June 21, 1955 November 1, 1965 Henry E. Richter CAPT, USN (ret)
October 15, 1965 October 1, 1971 Francis T. Williamson RADM, USN (ret)
October 1, 1971 August 1, 1972 Edwin C. Miller CDR, USN (ret) '34-D CMA, Interim See Note 3,
August 2, 1972 November 11, 1983 Joseph P. Rizza RADM, USMS CAPT, USN (ret), See Note 4
November 11, 1983 August 31, 1990 John J. Ekelund RADM, USMS RADM, USN (ret)
August 31, 1990 June 30, 1996 Dr. Mary E. Lyons RADM, USMS CDR, USNR
July 1, 1996 June 30, 2001 Jerry A. Aspland RADM, USMS '62-D CMA
July 1, 2001 June 30, 2012 Dr. William B. Eisenhardt RADM, USMS[9] Unk, USN
July 1, 2012 January 2, 2018 Thomas A. Cropper RADM, USMS[10] RDML, USN (ret)
  1. R.C.Dwyer replaced by N.E. Nichols due to Navy requirements for regular Navy officers to be in charge of Navy-owned ships.
  2. Early WWII – Superintendent and Master became separate positions.
  3. Edwin C. Miller appointed Interim Superintendent October 1971 – July 1972.
  4. On February 27, 1975, the title of "Superintendent" was changed to "President."

Training Ships[edit]

From To Name Former Name
1931 1946 T. S. California State/ T. S. Golden State USS Henry County (IX-34)
1946 1971 T. S. Golden Bear USS Mellena (AKA-32)
1971 1995 T. S. Golden Bear II USS Crescent City (APA-21)
1996 Present T. S. Golden Bear III USNS Maury (T-AGS 39)


Demographics of student body
African American 3.3%
Asian American 11.6%
White American 46.1%
Hispanic American 7.5%
Native American 1.1%
Ethnicity unreported/unknown 30.4%

Degree programs[edit]

Cal Maritime offers one graduate and six undergraduate degrees, all of which are tied to a nautical curriculum.


Money magazine ranked California Maritime Academy 82nd in the country for value out of 736 schools it evaluated for its 2015-2016 Best Colleges ranking.[11]

In 2016 Forbes ranked California Maritime Academy as the 516th best university in the nation and 95th in the West.[12]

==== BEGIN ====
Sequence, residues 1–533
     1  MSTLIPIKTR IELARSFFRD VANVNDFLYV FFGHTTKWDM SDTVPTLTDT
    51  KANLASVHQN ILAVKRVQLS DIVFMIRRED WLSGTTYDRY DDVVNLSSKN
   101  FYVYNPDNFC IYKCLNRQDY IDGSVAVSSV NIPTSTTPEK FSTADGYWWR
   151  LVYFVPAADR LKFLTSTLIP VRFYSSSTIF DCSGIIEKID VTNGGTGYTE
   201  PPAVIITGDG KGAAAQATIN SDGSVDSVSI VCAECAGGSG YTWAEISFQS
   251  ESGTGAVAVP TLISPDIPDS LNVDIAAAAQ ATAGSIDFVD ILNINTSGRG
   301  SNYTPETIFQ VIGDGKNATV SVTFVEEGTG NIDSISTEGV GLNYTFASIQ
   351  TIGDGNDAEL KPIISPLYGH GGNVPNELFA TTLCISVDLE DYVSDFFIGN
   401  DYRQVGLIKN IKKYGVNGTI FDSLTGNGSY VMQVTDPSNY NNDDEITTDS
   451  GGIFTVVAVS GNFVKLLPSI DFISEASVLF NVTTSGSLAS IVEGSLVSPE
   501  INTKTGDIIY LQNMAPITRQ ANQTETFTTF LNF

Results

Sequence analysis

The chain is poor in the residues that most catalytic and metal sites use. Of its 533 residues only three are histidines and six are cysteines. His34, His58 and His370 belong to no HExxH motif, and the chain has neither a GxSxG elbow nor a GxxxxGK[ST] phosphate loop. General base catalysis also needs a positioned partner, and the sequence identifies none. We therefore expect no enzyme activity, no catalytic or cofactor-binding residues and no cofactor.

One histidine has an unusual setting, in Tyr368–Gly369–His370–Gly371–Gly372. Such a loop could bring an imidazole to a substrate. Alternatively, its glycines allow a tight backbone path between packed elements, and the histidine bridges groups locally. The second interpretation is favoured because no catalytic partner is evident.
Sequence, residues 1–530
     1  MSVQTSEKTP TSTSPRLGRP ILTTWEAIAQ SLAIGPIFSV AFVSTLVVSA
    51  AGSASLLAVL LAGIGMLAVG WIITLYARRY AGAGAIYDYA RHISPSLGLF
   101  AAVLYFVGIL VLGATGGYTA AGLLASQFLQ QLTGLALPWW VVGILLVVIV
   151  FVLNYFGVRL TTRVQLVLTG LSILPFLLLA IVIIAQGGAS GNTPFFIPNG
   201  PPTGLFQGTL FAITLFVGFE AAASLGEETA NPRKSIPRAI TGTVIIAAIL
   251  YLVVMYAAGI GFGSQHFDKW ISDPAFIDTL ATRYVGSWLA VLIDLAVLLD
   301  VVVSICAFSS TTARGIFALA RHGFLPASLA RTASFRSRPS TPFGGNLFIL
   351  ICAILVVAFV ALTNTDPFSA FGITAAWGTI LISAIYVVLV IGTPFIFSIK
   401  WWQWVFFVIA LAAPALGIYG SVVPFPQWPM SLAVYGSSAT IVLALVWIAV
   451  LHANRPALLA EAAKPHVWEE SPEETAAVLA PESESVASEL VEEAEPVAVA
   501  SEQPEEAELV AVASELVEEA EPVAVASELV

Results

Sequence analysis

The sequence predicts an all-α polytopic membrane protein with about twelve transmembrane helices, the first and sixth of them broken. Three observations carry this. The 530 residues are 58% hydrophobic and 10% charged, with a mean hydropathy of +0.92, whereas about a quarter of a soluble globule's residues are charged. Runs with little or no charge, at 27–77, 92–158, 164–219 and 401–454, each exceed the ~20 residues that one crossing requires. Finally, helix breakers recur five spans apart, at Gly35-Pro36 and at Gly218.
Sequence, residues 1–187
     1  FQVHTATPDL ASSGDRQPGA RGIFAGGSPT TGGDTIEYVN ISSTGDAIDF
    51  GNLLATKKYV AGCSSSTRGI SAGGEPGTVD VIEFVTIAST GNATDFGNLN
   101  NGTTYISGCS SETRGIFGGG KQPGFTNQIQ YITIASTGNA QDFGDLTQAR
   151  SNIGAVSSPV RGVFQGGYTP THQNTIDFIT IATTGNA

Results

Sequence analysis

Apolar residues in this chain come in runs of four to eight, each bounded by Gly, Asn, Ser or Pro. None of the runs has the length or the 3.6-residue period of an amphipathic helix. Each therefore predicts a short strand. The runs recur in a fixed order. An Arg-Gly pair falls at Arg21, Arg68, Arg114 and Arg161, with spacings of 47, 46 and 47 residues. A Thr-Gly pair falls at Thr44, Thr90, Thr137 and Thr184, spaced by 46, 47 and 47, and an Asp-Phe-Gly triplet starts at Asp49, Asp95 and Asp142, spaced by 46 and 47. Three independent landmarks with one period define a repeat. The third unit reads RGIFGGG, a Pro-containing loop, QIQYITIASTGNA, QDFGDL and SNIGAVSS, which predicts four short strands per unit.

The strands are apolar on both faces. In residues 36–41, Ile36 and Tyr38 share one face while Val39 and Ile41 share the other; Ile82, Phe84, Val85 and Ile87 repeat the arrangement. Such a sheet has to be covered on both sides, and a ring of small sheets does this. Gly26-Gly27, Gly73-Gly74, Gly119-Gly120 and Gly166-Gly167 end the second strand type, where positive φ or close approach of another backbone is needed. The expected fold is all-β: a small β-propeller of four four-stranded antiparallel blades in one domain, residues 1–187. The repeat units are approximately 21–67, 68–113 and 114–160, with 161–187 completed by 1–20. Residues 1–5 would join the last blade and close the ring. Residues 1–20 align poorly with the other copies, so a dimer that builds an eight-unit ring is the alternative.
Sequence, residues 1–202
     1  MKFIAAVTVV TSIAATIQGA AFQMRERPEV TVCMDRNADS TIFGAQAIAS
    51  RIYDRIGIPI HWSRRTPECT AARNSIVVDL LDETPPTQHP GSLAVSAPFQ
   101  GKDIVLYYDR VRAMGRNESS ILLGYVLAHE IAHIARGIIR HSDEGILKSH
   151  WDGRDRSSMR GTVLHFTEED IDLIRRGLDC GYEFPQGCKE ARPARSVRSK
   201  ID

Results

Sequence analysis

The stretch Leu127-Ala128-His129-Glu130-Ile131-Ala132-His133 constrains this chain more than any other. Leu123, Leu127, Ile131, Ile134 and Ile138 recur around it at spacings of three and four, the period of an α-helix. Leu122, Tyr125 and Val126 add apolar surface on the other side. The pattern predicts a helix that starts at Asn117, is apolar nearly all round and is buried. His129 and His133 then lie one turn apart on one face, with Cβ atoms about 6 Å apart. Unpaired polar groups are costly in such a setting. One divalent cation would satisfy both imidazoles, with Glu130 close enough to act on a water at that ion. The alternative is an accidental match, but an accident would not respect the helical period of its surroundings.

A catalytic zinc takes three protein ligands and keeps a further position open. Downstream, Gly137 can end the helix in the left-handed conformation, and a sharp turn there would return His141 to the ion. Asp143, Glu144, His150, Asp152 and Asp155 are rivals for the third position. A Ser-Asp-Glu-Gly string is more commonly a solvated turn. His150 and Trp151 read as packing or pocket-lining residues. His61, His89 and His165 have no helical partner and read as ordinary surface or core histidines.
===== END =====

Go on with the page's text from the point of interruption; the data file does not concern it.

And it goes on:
The 2016 U.S. News & World Report college rankings lists California Maritime Academy as 8th in the category "Regional Colleges (West)".[13]

According to a study by the Equality of Opportunity Project, the California Maritime Academy had the best results of any California college in helping transform students whose parents were relatively poor (bottom 20 percent of the income bracket) into adults who are relatively wealthy (top 20 percent income) within a decade after graduation. 85% of poor students eventually became relatively wealthy. However, only 6% of the students came from poor families.[14]

Corps of Cadets[edit]

California Maritime Academy is the United States' only maritime academy on the West Coast. It is also the only university on the West Coast that requires all undergraduate students to participate in the Corps of Cadets. The only similar program in the Western United States is at the junior college New Mexico Military Institute. Since Maritime Academies comply with Title 46 Part 310 of the Code of Federal Regulations students are referred to as Cadets, required to wear uniforms, and utilize a demerit-based disciplinary system. Participation in Navy Reserve Merchant Marine training program is no longer required, but Cadets still utilize Merchant Marine Navy-style uniforms, customs, and traditions. Based on academic majors cadets are organized into Squads, Sections, Divisions and Companies which regularly muster in Morning Formations several times a week, as well as stand watches on campus and aboard the training ship.[15]

Military options[edit]

There is no armed service obligation attached to graduation from the California Maritime Academy. However, financial aid and additional career opportunities exist for those students who choose to participate in any of the several military programs available on the CMA campus:


Athletics teams at California Maritime Academy are part of the National Association of Intercollegiate Athletics (NAIA), primarily competing in the California Pacific Conference (CalPac). Men's sports include basketball, crew, cross country, golf, rugby, sailing, soccer and water polo; while women's sports include basketball, crew, cross country, sailing, and water polo. The name of the intercollegiate athletic program is "Keelhaulers". The women's sports teams are informally known as "Sea Hags".